I recently finished reading This is The Story of a Happy Marriage by Ann Patchett. It’s an excellent collection of essays, many of which I’d like to pluck out individually and send to friends I think would appreciate them. But a particular line in her essay titled, The Sacrament of Divorce still stands out to me.

“There can be something cruel about those who have had good fortune. They equate it with personal goodness.”

Wow. I must admit that sometimes I actually believe my own good fortune–my rescue from a life more marred by poor decision-making–is somehow the result of my personal goodness. Other times I’m a bit wiser.

Once when I was lecturing my children about how good we have it here compared to other places or to those living in more difficult circumstances or those daily influenced by poorly educated and desperate people, my son asked me, “Why do you think you made it out?”

In my motherly wisdom, I said something like, “I don’t entirely know. But I believe that for some reason God chose me and gave me a second chance. And I don’t want to blow it or waste it. I want SO MUCH to show my gratitude to God by living a good and useful life and giving you every opportunity to live a good and useful life.”

I still believe this but have come to realize that I was only partly right. Because when I shared this story with someone wiser than me, she said, “God chooses everybody.”

Please let that sink in. Know that no matter your circumstance, no matter how badly you’ve screwed things up, God chooses EVERYBODY. There is no limit to His grace, forgiveness and restoration. But sadly, not all choose to respond to God’s grace.

Now I am not silly enough to believe that I will live out my days bathed in good fortune. Patchett has already reminded me that this has little or nothing to do with my personal goodness or striving. (Read the book of Job if you need more insight on the matter.) Only God knows how long good fortune will last. But I do know this, I will go to the house of the Lord today, Ash Wednesday, and I will be reminded of the fragility and shortness of this life. I will be reminded that I come from dust and will one day return to dust. That my good fortune does not equate to my personal goodness and that I should never be cruel to others based on their circumstance or my perception of their personal goodness.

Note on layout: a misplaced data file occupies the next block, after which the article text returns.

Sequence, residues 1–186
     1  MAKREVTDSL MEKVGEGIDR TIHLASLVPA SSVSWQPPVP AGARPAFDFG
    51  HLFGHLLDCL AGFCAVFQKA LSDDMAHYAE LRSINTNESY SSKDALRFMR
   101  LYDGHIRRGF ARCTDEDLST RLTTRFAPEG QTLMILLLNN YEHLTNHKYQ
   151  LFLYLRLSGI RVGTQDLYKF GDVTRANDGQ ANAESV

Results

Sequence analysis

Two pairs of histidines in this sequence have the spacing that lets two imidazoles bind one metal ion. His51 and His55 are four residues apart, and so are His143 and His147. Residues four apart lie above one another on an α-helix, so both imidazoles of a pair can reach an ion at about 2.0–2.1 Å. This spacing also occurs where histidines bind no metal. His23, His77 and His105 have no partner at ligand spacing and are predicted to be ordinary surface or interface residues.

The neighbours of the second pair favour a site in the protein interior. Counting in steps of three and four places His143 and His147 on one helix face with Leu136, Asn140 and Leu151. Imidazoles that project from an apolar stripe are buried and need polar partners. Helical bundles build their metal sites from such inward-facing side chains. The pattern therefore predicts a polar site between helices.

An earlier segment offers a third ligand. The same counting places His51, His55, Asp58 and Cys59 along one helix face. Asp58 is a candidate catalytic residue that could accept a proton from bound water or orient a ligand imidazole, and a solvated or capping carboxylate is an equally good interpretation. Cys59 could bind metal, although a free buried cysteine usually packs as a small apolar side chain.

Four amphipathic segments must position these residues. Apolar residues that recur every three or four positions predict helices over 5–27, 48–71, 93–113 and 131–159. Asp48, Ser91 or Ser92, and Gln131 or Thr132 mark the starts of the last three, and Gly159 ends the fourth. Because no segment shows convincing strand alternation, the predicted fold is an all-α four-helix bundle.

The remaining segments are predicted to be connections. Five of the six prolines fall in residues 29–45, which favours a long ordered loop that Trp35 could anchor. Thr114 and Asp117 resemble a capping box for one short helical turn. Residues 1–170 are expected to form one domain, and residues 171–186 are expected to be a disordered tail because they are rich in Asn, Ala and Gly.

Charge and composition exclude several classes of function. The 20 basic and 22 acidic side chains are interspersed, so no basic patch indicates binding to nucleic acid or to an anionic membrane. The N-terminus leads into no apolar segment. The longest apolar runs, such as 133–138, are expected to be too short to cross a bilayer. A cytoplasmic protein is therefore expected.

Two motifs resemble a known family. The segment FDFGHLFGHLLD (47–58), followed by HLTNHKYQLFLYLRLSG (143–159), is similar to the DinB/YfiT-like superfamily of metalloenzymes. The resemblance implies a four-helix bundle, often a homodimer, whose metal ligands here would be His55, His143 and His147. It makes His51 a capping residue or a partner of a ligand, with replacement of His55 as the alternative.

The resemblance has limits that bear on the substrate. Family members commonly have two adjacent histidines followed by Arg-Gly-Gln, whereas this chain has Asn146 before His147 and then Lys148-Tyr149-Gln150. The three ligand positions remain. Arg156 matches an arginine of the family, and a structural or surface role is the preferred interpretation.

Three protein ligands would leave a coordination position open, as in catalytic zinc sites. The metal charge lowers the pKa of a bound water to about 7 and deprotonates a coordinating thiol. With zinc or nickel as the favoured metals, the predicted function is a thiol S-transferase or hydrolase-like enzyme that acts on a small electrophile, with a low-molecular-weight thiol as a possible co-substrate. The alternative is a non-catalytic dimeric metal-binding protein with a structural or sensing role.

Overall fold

I will be reminded today and throughout the season of Lent that a Holy and Loving God chose me, one lost lamb. And I will keep trying not to blow it but to honor God with my life no matter my circumstance.

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Today I’m a Guest Blogger at WLCYouth@Home…

Words by Angela is not primarily a parenting blog. But I occasionally have some things to say about parenting:

And this is also not primarily a Christian blog. But I occasionally have some things to say about that as well:

And sometimes I’m asked to speak on these combined topics. Today, I’ve done just that as a guest blogger over at WLCYouth@home. I was asked how the hubs and I instill our faith values in our children. I invite you to click over there and read what I had to say and maybe even add your own insight on the matter. Surely you could gain some wisdom or share some. As always, thanks for reading.